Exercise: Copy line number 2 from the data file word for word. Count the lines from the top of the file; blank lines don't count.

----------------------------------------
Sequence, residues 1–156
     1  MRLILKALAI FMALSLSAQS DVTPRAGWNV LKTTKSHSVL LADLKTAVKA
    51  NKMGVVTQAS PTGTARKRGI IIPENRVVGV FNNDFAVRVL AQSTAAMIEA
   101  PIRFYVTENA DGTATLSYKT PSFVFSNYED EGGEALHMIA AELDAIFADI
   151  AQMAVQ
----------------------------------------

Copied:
     1  MRLILKALAI FMALSLSAQS DVTPRAGWNV LKTTKSHSVL LADLKTAVKA